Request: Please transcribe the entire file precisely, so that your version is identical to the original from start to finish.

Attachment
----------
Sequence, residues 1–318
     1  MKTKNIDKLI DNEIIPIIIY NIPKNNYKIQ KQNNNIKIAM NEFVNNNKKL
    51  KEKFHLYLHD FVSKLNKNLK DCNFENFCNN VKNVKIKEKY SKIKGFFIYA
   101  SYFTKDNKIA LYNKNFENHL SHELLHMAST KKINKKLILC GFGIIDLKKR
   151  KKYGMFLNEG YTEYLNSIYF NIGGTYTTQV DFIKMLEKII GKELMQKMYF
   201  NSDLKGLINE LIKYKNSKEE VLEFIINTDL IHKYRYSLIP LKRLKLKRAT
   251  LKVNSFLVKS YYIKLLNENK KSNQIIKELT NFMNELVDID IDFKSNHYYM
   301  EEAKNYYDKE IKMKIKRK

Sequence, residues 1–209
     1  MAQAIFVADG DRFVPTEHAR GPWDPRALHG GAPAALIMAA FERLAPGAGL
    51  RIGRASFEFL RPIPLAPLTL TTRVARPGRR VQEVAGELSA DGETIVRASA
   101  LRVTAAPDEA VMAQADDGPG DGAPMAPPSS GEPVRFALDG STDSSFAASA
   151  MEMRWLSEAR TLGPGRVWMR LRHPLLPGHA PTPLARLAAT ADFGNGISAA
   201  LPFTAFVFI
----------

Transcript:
Sequence, residues 1–318
     1  MKTKNIDKLI DNEIIPIIIY NIPKNNYKIQ KQNNNIKIAM NEFVNNNKKL
    51  KEKFHLYLHD FVSKLNKNLK DCNFENFCNN VKNVKIKEKY SKIKGFFIYA
   101  SYFTKDNKIA LYNKNFENHL SHELLHMAST KKINKKLILC GFGIIDLKKR
   151  KKYGMFLNEG YTEYLNSIYF NIGGTYTTQV DFIKMLEKII GKELMQKMYF
   201  NSDLKGLINE LIKYKNSKEE VLEFIINTDL IHKYRYSLIP LKRLKLKRAT
   251  LKVNSFLVKS YYIKLLNENK KSNQIIKELT NFMNELVDID IDFKSNHYYM
   301  EEAKNYYDKE IKMKIKRK

Sequence, residues 1–209
     1  MAQAIFVADG DRFVPTEHAR GPWDPRALHG GAPAALIMAA FERLAPGAGL
    51  RIGRASFEFL RPIPLAPLTL TTRVARPGRR VQEVAGELSA DGETIVRASA
   101  LRVTAAPDEA VMAQADDGPG DGAPMAPPSS GEPVRFALDG STDSSFAASA
   151  MEMRWLSEAR TLGPGRVWMR LRHPLLPGHA PTPLARLAAT ADFGNGISAA
   201  LPFTAFVFI